The Patriots Changed Everything About Boston Sports—and That’s Why Fans Won’t Let Deflategate Die
A Massachusetts native explains why, even after Tom Brady has served his punishment and the Patriots are one game from another Super Bowl, fans won’t let Roger Goodell, or their rage, rest
The MMQB's Albert Breer heads to Boston to find out why New England fans still harbor such harsh feeling toward the NFL and commissioner Roger Goodell.
MASSACHUSETTS — I don’t remember what bar I was at or how long I kept drinking after Aaron Boone put one in the leftfield bleachers at Yankee Stadium.
But I remember walking home to my place at the corner of Harvard and Comm Ave. in Allston on that October night. I remember everyone looking like a zombie. I remember the quiet, broken by the occasional “F---!” I remember the weird feeling the next morning when I walked to Dunkin Donuts. And I remember how what happened, that team doing that to the Red Sox, felt inevitable beforehand.
Want to know why New England is pissed off at Roger Goodell and the NFL? Why it seems as intense now as ever, nearly two years later? Why the people here are monitoring Roger Goodell’s itinerary like a bunch of whacked-out travel agents?
As I see it, that night in 2003 explains it. For people my age—I’ll be 37 next week—the last 15 years of Boston sports have been like an out-of-body experience, because for us, growing up, the only thing you could count on was collapse.
I was 6 when Larry Bird won his last title. Len Bias, the guy who’d take the torch from Bird, died a few weeks later. A few months after that, the ball went through Buckner’s legs. Bird’s back went out. The Bruins were cheap. The Patriots were pathetic, then got good, only to have Bill Parcells bolt for—where else?—New York.
Later, the Celtics’ homegrown star, Reggie Lewis, died. Rick Pitino arrived thinking he’d get Tim Duncan, got Chauncey Billups and Ron Mercer with two lottery picks instead, then whined about our negativity and left. Pete Carroll was here just before he became PETE CARROLL. Roger Clemens abandoned ship too.
By the turn of the century, things were so grim here that Herald columnis Gerry Callahan dubbed us “Loserville.” He was proven right less than a year later, when Ray Bourque—another star who found greener pastures elsewhere—won a Stanley Cup in Denver, and we threw him a friggin’ parade.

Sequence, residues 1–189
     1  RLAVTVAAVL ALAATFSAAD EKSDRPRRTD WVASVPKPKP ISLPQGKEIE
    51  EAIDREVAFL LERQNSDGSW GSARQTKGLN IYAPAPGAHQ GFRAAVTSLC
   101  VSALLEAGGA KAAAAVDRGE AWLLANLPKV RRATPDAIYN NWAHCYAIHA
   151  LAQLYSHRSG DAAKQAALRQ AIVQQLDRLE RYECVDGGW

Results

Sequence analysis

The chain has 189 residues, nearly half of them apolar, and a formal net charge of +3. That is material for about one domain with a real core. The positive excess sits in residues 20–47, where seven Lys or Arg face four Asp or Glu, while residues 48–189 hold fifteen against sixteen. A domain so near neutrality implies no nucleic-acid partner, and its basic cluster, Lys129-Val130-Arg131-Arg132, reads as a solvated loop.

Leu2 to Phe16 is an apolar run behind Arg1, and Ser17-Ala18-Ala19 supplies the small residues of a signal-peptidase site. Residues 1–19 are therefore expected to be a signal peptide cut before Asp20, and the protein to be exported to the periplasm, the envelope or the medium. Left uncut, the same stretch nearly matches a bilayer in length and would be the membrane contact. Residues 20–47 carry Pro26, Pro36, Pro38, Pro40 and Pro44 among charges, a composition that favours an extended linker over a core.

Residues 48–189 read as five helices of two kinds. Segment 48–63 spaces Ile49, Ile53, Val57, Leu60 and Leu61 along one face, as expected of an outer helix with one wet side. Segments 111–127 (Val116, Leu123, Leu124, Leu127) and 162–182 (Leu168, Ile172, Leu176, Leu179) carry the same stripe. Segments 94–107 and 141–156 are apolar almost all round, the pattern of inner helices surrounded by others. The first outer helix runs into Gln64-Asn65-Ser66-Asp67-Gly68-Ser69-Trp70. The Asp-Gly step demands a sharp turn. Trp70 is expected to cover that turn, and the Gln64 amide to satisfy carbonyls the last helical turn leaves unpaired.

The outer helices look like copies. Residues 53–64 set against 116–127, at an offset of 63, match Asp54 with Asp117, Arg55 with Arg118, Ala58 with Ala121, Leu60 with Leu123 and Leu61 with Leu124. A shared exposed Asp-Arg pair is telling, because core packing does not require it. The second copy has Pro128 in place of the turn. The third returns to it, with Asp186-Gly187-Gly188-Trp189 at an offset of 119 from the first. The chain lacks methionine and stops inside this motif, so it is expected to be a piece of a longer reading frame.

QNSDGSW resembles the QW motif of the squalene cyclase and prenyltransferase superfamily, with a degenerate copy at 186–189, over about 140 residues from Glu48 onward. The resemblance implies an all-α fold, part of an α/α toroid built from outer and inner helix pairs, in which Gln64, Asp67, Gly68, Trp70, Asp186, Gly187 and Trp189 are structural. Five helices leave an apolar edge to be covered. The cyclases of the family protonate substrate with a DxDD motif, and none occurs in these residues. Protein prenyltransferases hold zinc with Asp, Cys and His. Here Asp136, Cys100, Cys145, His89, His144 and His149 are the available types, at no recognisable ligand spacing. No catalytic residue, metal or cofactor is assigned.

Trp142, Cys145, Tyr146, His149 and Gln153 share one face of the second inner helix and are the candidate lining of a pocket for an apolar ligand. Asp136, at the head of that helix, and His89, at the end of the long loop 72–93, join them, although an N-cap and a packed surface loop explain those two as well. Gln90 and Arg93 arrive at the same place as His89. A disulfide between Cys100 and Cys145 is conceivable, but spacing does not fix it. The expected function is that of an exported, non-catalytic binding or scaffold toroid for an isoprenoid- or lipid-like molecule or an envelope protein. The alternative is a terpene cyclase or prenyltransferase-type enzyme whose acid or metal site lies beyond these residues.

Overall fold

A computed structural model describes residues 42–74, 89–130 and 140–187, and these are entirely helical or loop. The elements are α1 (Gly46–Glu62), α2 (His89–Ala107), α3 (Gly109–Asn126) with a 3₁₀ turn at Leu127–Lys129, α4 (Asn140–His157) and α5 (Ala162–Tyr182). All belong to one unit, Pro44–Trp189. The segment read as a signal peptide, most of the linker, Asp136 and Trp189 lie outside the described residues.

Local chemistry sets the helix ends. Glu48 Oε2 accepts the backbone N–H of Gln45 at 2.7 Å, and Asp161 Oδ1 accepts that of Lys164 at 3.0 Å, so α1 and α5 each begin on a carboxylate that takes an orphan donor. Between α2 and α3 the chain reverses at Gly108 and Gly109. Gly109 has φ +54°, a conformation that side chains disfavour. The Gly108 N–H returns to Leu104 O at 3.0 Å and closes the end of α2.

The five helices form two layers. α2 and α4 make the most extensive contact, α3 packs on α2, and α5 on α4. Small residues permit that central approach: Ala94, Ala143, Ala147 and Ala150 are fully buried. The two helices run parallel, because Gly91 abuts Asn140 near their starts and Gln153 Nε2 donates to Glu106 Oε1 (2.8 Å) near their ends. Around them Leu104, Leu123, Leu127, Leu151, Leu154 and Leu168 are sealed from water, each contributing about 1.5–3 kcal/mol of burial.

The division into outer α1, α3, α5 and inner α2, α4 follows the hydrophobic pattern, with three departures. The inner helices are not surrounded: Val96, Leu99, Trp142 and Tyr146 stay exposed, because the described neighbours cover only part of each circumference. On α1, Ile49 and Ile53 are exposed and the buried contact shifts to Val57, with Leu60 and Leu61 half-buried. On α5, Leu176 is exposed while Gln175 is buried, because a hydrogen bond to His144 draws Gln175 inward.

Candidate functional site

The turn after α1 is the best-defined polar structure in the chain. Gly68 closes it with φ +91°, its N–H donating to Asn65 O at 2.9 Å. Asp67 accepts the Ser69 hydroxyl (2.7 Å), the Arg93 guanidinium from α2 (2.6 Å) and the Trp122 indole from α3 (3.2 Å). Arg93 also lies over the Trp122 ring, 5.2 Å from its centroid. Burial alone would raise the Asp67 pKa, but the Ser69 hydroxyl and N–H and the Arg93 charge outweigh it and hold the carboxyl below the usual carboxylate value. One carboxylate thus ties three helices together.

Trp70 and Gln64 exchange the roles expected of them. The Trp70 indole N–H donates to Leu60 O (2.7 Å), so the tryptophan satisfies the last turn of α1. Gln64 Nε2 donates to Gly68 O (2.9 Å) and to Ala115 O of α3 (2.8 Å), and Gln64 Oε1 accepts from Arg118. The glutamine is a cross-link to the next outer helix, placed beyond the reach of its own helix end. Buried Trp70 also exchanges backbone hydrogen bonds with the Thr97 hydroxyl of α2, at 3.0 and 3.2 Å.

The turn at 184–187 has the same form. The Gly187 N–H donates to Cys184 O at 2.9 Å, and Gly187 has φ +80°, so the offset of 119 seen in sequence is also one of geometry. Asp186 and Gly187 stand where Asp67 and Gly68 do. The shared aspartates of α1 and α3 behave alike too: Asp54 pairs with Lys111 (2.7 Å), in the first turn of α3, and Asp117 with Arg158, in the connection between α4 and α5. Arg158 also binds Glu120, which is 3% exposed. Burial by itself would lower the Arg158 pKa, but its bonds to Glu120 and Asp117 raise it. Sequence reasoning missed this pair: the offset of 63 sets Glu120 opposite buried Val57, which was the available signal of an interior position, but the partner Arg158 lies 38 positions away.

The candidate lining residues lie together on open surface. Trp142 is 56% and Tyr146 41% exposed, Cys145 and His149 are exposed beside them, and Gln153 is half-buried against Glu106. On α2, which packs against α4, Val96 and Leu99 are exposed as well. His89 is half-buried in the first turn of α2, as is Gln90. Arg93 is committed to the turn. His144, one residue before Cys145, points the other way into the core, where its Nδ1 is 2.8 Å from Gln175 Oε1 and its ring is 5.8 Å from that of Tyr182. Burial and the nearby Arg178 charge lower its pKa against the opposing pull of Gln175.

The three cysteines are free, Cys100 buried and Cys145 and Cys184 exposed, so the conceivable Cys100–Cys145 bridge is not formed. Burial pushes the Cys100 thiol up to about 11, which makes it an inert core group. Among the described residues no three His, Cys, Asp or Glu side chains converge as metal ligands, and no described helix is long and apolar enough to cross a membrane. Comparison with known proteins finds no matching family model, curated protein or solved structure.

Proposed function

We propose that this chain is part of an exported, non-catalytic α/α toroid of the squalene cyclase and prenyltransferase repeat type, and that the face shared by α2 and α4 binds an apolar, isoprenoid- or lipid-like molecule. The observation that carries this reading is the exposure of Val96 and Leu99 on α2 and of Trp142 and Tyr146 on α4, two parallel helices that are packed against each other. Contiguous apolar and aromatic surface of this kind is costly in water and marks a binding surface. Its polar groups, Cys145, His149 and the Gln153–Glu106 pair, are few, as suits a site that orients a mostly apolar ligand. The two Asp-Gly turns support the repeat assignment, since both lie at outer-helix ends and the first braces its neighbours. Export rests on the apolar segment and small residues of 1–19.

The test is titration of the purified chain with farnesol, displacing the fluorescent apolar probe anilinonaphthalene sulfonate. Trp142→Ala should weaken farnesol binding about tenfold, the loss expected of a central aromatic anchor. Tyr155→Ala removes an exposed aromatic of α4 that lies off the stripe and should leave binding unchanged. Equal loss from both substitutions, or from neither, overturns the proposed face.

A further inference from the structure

So here’s the bottom line: By the time we hit our 20s, it wasn’t that you thought bad things were going to happen. You flat-out knew they would. It felt like the other shoe was always about to drop.
And then, along came a team that changed everything.
When Boone hit that home run, it was still hard to know what to make of the Tom Brady/Bill Belichick Patriots. Their 2001 run was incredible, but those guys would be the first to tell you that that team was playing way over its head and what they did that year hardly seemed sustainable, at least on the surface.
Fifteen years later there’s no more reliable entity in professional sports.
Even the Super Bowls they lost featured Brady staking the Patriots to leads in the waning moments. What he and Belichick have done isn’t just remarkable in the annals of the NFL—it has changed the mentality with which people around here view sports.
The sky isn’t falling anymore, nor is anyone waiting for it too, and that’s how it goes now for all the teams. Expectations are outrageously high and, yeah, there’s an arrogance and entitlement that’s attached to that. And though the other three teams—previously far more deeply embedded in the culture here than the Patriots were—have followed Brady and Belichick’s championship lead, they’re still chasing.
The Red Sox are kind of a circus—Theo Epstein’s 2005 gorilla suit act and the chicken-and-beer smearing of Tito Francona are two pieces of proof. The Celtics’ run behind Kevin Garnett, Paul Pierce and Ray Allen had an expiration date on it from the moment it started. The Bruins’ owners aren’t from here and have never fully earned the trust of the people here.
The Patriots are different. They’re the forerunners to all of it, and they don’t have the caveats the other teams do. They’re counted on, and they deliver.
And now, Roger Goodell and the NFL were going to take that away?
The rest comes after—the homemade science projects, Wells Report fact-checkers, drug-store lawyers, and monitors of Goodell’s every move. That’s all a result of what happened, but the root of the over-the-top reaction, to me at least, is born of two factors: 1) the intense passion this area has for its teams and 2) the loyalty to the one team that’s been so unrealistically reliable over a decade-and-a-half.
Now, that’s not to say that this isn’t about Brady versus Goodell. It is. It’s not to say that the people are faking their belief that the whole investigation and prosecution of the Patriots was a farce. They’re not. And it’s not as if there isn’t a general edge to the part of the country that plays into it. That’s there, too.
It’s just that, if you look at the totality of the situation, and why the reaction has been so strong that Goodell literally feels like he can’t come and see a game at the home of one his flagship franchises, those factors are all ancillary. Central is what the Patriots have done to literally change the way people think about sports, and how grateful people around here are for it.
So the league threw a haymaker at Brady, and by proxy the Patriots and Belichick? If you know Boston, it’d be dumb to think this area wouldn’t swing back.
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